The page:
They have an extremely full, heavy sound; like they’re about to birth a special kind of monster into the world.

As well as super-heavy Doom they are also adept at adding a bit of melody into the proceedings to further the depth and richness of their sound. I particularly enjoy these moments in The Ravens where it reminds almost of Agalloch.

Take the Pagan side of Agalloch, mix with some Post-Metal Neurosis elements and wrap in some demolishing Doom and you’re close to the Obelyskkh sound.

The vocals are very impressive; powerful, strong, forceful, full of charisma and with good range and variety – not a weak link to be found.

Importantly these are not just collections of riffs they are actual songs, with plenty of hooks to grab the listener and draw them close. They are, dare I say it, catchy in a lot of ways.

Each track is expertly constructed and well thought-out; designed to create a highly impressive collection of Doom that’s damn near essential for anyone with even a passing interest in this genre.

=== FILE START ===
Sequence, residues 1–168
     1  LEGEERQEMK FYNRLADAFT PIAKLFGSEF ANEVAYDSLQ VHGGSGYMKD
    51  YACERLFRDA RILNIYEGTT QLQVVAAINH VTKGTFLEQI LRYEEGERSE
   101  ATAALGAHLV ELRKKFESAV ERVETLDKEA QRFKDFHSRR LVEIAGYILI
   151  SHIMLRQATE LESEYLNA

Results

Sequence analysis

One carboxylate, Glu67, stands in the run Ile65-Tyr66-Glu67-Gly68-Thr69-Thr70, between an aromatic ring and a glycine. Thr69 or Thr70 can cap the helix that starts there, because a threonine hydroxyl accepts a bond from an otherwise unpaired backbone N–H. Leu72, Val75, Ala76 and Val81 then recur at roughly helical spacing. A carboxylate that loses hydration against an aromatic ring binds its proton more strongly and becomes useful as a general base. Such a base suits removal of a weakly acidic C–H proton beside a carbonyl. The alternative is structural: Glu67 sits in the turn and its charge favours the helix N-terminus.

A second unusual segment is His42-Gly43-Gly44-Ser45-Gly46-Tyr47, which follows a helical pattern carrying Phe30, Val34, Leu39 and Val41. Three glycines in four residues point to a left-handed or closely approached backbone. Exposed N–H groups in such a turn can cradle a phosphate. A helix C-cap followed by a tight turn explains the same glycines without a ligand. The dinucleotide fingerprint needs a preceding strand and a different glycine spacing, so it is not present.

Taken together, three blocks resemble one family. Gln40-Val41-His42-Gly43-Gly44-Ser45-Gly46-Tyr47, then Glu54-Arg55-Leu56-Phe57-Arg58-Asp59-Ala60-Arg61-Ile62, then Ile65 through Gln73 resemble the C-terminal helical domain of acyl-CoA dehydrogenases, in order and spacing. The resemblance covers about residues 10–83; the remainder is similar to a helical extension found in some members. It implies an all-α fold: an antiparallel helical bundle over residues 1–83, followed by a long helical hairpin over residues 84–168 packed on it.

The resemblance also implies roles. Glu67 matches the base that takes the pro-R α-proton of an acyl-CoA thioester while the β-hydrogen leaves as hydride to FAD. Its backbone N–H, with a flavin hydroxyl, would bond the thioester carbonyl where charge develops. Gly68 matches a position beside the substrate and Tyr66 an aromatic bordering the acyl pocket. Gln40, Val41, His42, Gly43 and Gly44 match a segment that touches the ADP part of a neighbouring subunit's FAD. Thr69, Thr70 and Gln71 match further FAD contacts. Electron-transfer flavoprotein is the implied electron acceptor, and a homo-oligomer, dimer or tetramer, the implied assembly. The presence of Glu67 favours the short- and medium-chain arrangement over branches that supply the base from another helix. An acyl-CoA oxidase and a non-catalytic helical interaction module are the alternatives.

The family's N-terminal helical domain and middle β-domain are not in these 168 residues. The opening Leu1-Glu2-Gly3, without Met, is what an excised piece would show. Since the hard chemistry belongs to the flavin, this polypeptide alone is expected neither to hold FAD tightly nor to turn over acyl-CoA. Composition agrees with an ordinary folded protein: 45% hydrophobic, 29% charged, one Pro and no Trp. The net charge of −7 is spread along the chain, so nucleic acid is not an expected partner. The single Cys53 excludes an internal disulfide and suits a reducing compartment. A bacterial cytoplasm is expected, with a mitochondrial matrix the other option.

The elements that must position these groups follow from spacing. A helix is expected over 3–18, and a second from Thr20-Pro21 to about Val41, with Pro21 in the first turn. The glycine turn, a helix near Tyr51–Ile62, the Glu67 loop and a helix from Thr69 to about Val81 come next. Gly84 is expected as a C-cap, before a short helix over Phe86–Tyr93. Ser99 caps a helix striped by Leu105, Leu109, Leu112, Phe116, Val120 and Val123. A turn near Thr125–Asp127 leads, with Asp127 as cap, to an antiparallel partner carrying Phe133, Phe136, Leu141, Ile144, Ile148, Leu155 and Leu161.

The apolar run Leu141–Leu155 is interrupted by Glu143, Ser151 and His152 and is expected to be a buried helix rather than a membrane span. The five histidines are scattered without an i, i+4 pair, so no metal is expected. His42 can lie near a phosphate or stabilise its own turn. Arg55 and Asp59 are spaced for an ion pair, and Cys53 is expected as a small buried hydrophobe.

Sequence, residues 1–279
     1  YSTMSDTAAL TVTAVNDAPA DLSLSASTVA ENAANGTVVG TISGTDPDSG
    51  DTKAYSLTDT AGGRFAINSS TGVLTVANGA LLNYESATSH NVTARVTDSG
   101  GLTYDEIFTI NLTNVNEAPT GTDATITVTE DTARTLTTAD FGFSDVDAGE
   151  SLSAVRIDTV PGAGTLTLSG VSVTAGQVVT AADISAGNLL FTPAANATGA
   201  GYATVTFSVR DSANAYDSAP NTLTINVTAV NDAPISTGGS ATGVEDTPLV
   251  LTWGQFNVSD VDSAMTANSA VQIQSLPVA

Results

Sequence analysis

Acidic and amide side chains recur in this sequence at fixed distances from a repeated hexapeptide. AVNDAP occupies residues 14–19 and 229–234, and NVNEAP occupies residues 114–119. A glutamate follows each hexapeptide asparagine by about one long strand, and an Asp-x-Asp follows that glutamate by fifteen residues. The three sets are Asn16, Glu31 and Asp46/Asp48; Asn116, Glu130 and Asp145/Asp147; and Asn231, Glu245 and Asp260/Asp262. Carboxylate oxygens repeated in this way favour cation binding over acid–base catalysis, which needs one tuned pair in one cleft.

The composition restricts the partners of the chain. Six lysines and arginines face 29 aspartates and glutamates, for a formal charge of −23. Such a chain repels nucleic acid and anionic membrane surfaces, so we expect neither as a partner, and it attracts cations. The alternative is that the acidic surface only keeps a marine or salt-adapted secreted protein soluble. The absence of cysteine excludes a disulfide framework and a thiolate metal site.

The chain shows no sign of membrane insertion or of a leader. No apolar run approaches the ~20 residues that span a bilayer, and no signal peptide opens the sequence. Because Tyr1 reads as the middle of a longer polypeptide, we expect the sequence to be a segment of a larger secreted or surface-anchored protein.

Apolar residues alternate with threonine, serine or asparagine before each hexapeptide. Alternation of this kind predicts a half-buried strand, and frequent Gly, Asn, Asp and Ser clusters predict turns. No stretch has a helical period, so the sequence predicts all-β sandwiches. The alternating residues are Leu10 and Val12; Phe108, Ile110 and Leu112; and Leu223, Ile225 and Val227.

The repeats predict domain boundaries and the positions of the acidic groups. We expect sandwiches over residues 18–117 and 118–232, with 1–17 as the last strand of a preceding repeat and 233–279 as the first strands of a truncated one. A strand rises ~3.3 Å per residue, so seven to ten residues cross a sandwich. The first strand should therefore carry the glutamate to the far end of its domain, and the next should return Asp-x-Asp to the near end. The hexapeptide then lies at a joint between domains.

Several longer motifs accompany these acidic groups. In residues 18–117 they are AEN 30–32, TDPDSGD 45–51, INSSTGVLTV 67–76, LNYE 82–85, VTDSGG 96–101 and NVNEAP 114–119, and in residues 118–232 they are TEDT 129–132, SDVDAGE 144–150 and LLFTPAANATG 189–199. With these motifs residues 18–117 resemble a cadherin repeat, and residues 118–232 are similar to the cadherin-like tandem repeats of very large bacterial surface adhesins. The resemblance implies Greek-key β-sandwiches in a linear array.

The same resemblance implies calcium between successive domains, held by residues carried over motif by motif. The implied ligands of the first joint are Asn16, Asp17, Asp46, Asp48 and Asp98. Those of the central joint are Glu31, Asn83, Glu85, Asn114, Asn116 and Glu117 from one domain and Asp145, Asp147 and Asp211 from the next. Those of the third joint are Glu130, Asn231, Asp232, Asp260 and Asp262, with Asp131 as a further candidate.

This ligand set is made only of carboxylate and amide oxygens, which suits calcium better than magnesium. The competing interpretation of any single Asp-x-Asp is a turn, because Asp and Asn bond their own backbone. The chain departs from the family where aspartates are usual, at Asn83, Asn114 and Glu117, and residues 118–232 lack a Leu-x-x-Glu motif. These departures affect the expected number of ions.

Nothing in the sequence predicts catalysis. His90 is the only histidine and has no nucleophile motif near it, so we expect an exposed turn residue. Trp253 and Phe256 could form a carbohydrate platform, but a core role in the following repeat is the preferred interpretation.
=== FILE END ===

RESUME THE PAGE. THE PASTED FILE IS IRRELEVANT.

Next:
Compared to most bands this is an album that’s on another level entirely. Prepare to meet one of your new favourite bands.

Stoneburner – Life Drawing (Review)

StoneburnerStoneburner are a Sludge/Doom band from the US and Life Drawing is their second album.

The band combine aggressive Sludge with minimal Doom in a pleasing and refreshing way, taking elements of the masters such as Eyehategod and Neurosis and combing them with an eclectic mix of bands like Electric Wizard, Warhorse and even a splash of Isis on occasion.

They have a punchy, buoyant sound for a group of this type, with the guitars seemingly larger than life and ready to pop out of the speakers at a moment’s notice. For all this vibrancy however theirs is a filthy sound, mired in dirt and caked in sin.

The vocals are low-in-the-mix rumbles that sound as if something lurking just underneath the surface is threatening to break through and wreak havoc, yet is restrained by the thick, syrupy music.